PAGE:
Duckhorn Napa Valley Merlot 2005
The 2005 season began with a wet winter and spring; annual rainfall totals were well above average. We had an ideal fruit set, which produced an abundant number of full grape clusters. As a result, the vintage yielded exceptional fruit for the season. The harvest lasted over two months—into the early days of November. In many ways the 2005 season was reminiscent of 1997, where we had an abundant harvest of remarkable quality.
10% Cabernet Sauvignon
3% Cabernet Franc
1% Petit Verdot
"...this Merlot has a lot going for it. It's full-bodied and rich in black currant, cherry, chocolate, violet, licorice and smoky oak flavors, with dense, intricate tannins. Probably best now and through 2009, before it drops its fresh fruit."
Founded in 1976, Duckhorn Vineyards has been crafting Bordeaux varietals from the Napa Valley for over 30 years. This winemaking tradition has grown to include seven estate vineyards, located throughout the various microclimates of the Napa Valley. Focused on quality and consistency, these estate vineyards are an essential element in making wines of distinction.
One of the first wineries to pioneer Merlot as a premium varietal, Duckhorn Vineyards now makes several elegant Merlot and distinctive Cabernet Sauvignon bottlings to showcase the characteristics of its vineyard sites. In addition, the winery is known for its acclaimed Sauvignon Blanc. Beginning with the 2006 vintage, Duckhorn Vineyards unveiled The Discussion, a Cabernet Sauvignon-based blend that represents the pinnacle of Duckhorn's portfolio.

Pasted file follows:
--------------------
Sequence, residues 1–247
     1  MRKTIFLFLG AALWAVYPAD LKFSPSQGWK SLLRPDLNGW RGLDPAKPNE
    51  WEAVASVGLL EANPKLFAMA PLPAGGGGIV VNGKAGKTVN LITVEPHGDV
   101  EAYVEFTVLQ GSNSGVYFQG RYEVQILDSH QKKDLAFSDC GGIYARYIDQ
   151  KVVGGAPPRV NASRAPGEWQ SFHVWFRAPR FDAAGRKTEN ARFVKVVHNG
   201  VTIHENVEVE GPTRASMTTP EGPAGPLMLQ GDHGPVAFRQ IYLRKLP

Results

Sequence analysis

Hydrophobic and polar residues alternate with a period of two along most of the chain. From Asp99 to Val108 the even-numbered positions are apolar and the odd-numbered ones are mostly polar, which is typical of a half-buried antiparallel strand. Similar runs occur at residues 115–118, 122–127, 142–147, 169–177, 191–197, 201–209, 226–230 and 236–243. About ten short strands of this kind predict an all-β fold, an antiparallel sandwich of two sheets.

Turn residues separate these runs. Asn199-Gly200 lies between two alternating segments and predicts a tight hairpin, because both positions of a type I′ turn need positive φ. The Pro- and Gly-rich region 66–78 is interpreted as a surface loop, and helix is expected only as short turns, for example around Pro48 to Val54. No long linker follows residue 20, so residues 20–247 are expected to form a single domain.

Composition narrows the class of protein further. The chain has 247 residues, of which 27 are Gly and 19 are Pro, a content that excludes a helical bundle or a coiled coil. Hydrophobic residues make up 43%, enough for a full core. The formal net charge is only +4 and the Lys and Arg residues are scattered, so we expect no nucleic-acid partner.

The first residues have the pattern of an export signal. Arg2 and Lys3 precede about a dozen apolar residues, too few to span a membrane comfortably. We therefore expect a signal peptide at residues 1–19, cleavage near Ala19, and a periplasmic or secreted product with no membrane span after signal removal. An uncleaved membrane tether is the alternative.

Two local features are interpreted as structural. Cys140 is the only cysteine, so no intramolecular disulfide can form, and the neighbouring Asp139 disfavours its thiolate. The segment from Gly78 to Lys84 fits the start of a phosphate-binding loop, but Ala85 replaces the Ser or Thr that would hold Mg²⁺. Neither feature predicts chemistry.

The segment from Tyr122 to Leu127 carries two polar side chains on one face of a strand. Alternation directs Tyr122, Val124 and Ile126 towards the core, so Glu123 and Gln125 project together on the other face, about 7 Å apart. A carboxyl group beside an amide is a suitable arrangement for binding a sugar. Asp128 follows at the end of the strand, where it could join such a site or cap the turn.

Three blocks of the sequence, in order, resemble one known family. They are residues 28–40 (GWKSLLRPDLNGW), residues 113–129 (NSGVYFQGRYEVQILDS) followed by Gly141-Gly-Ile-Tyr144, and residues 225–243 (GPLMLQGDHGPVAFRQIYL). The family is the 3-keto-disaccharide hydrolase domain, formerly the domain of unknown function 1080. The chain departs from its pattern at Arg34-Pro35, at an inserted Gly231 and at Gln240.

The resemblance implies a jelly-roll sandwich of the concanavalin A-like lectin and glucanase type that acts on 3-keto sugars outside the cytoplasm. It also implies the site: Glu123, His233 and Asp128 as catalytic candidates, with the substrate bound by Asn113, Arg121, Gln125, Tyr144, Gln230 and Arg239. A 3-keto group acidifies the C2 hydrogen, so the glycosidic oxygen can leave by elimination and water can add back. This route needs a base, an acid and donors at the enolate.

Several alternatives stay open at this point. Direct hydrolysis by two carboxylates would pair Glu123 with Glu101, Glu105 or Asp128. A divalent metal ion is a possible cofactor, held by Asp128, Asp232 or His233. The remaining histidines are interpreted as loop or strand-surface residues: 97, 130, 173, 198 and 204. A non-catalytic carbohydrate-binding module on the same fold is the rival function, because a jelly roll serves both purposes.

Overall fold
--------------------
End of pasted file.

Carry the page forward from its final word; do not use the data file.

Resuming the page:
Undoubtedly proving its merit over and over, Napa Valley is a now a leading force in the world of prestigious red wine regions. Though Cabernet Sauvignon dominates Napa Valley, other red varieties certainly thrive here. Important but often overlooked include Merlot and other Bordeaux varieties well-regarded on their own as well as for their blending capacities. Very old vine Zinfandel represents an important historical stronghold for the region and Pinot noir is produced in the cooler southern parts, close to the San Pablo Bay.
Perfectly situated running north to south, the valley acts as a corridor, pulling cool, moist air up from the San Pablo Bay in the evenings during the hot days of the growing season, which leads to even and slow grape ripening. Furthermore the valley claims over 100 soil variations including layers of volcanic, gravel, sand and silt—a combination excellent for world-class red wine production.